Syrian refugees need access to work rights and economic opportunity, new Asylum Access report says

For Syrian refugees, the route to self-sufficiency begins with the right to lawful work, says a new report launched today by Asylum Access. For the nations that host them in massive numbers — such as Jordan, Turkey, and Lebanon — the challenge of the moment is to open such legal avenues. Achieving this, according to the report released today by Asylum Access, can prove a boon to refugee and host nation alike.

The “Refugee Work Rights Report: The Syrian Crisis” compares a sample of four countries, Greece, Jordan, Lebanon, and Turkey, who together have received more than 4.5 million refugees since 2011. The report scores how well they respect, protect, and promote refugee work rights — in other words, whether their domestic laws grant work rights to refugees, whether these are implemented in practice and in workplace protections, and how widely they provide training, orientation, and job placement services for refugees.

The report’s key findings are:

Widespread barriers: Though Turkey receives the most favorable ranking of the four, and Lebanon the least, in all four countries a refugee’s ability to find lawful work is fraught with multiple legal and practical barriers.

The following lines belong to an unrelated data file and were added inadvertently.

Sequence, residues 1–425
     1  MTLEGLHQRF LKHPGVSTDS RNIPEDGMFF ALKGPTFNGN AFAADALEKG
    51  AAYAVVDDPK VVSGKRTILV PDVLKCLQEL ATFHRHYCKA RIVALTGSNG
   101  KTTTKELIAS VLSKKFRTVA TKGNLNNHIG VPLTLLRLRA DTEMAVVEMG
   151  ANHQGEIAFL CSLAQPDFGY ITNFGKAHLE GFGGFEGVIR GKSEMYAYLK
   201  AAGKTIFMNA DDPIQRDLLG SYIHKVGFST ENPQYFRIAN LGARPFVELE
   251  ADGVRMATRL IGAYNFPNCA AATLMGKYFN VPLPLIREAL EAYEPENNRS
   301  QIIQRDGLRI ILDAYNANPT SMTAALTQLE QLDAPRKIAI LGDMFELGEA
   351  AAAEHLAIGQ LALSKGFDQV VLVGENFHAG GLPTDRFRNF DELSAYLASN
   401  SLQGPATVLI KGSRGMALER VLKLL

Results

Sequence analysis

Legal barriers include absent or unclear national laws granting refugee work rights, restrictions on refugee movement, and bureaucratic hurdles like exorbitant work permit fees. Practical barriers include discrimination, low pay and poor conditions, as well as lack of familiarity with local work rights and language.

In many parts of the world, economic inclusion of refugees has proven beneficial to refugee and host country alike, and the same may prove true for the four countries studied. When allowed to work, refugees tend to be entrepreneurial and even create jobs for locals. On the other hand, barring refugees from legal work can depress wages in the formal sector while spurring the unregulated informal sector, increase hostilities with host nation citizens, and incur enforcement costs.

The report was launched in New York City on September 20 at an event on “Refugees at Work” co-sponsored by Asylum Access, International Rescue Committee, Oliver Wyman, and Action Corps. According to Asylum Access Executive Director Emily Arnold-Fernandez, “for countries absorbing the outflow of refugees from Syria the question is not only ‘how can they provide for these refugees?’ but also ‘how can they allow for these refugees to provide for themselves?’”

The report is available for download at

Photo: Laura Samira Naude / ECHO Refugee Library